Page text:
Sunday’s “The Last Man on Earth” was surprising in its cruelty, even if it knew exactly what it was doing. Phil Miller’s (Will Forte) treatment of the new “last man” is so transparently immature and shitty (he talks of “the Fats” as if they are a racial subset) that it becomes a parody of insecure Alpha-male posturing (and done so ineptly as to be a kind of performance art). I actually think these two episodes could skew viewership, as Phil has become so unsavory, needy, and unlikeable that it transcends satire. It is only pathetic; there is no meta-agenda. I personally think it’s brave–it’s the most daringly awful a purportedly “comedic” show has consciously allowed its main character to act since Ricky Gervais’s David Brent in the British “Office”.

Many people like shows with “likeable” protaganists. What are these shows, objectively speaking? “The Big Bang Theory”? “Friends”? “Mike and Molly”? I’m cherry-picking, of course, and bashing on traditional, laughtrack-based shows of a certain ilk, and yet these shows have terrible human beings at their center. Whiny, unrealistic, grabby, awful people. Chandler Bing is such a profound homophobe he hates his own transgender dad and uses her as a point of ridicule. Ross’s codependency is borderline sociopathic. Rachel is a callow, materialistic man-eater. Joey is a stupid, amoral, gluttonous, womanizing douchebag. Take away the laugh track and it becomes an Andrew Jarecki documentary. The only reason we do not see that is because the conflicts and co-stars are even worse. We root for the protagonists because even though they are ethical monsters, the people they have to deal with and challenges they have to overcome are beyond the pale. The unlikeable is masked by the overall misanthropy of the writers and creators.

I enjoy “Girls” and “Last Man…” because they don’t just needle, they explore. We are asked not just to laugh at the characters, but come to terms with them. It’s the difference between “this is humanity” and “that is humanity”–one points in, the other out. The comedy pricks because the unsavory behavior is rooted in what we (OK…I) feel is endemic to our (my) insecurity, our (my) shitty behavior, our (…my) inept attempts to act like a human being. Which probably makes it that much more human.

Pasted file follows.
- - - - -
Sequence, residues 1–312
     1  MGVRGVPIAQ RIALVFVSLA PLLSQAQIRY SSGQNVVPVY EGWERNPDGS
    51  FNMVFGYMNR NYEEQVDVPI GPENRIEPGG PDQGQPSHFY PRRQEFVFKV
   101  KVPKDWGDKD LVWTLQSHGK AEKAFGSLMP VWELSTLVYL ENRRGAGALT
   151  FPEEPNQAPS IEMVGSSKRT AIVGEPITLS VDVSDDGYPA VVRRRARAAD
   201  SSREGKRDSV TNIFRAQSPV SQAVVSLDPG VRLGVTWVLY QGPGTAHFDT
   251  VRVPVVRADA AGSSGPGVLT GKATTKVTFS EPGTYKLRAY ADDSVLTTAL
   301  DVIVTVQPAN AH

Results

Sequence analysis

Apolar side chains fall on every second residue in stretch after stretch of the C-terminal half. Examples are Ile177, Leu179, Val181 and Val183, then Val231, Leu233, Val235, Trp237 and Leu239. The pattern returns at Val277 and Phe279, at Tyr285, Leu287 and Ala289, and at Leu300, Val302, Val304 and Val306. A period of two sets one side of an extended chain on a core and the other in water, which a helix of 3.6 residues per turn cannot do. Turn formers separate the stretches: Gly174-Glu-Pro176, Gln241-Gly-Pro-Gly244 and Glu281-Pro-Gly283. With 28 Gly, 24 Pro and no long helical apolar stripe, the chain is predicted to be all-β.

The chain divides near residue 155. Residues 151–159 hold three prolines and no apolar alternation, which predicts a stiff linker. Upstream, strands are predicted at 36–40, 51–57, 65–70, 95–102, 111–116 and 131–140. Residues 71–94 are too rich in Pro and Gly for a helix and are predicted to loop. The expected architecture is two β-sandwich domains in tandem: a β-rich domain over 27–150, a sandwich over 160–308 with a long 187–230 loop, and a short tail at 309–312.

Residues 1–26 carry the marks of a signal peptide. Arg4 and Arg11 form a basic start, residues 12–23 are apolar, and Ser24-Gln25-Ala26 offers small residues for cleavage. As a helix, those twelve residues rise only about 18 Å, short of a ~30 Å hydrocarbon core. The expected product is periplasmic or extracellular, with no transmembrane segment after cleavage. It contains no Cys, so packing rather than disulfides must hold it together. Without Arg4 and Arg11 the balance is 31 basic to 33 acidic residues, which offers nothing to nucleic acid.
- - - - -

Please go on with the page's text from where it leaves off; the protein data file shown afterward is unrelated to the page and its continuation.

Random Recommendation: “Headhunters” (Netflix), Morten Tyldum’s debut, is crazy and fun and risky. Basically everything his solid but staid second film “The Imitation Game” is not. At one point there is a chase involving a forklift, a dead dog, and a very, very dirty outhouse.

Can’t wait for: “Bitch Planet” by Kelly Sue DeConnick. Graphic novel that explores feminism and patriarchy through a combination of sci-fi and women-in-prison exploitation films of the 1970’s. Basically the weird bastard child of Betty Friedan and Russ Meyer.

 

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Twenty-One 2014 Moments (10 Weeks Late)

I wanted to work up lists for television, film, music and books. But I also wanted to blog this year, and with coaching baseball and moving that didn’t happen, so completing those lists would’ve just cemented how disconnected I was for most of the year. Instead, here are the twenty-one most profound things I’ve seen, heard, or read this year, in no particular order:

1. Ida

2. “Heal” by Strand of Oaks

3. Madison Bumgarner in the MLB Playoffs and World Series

4. Lego Movie

5. “Lost in a Dream” by The War on Drugs

6. Olive Kitteridge on HBO

7. Station Eleven by Hilary St. John Mantel

8. We Are All Completely Beside Ourselves by Karen Joy Fowler

9. “The Outsiders” by Eric Church

10. Broadchurch on Netflix

11. Bad Feminist by Roxane Gay

12. The first hour and forty-five minutes of Django Unchained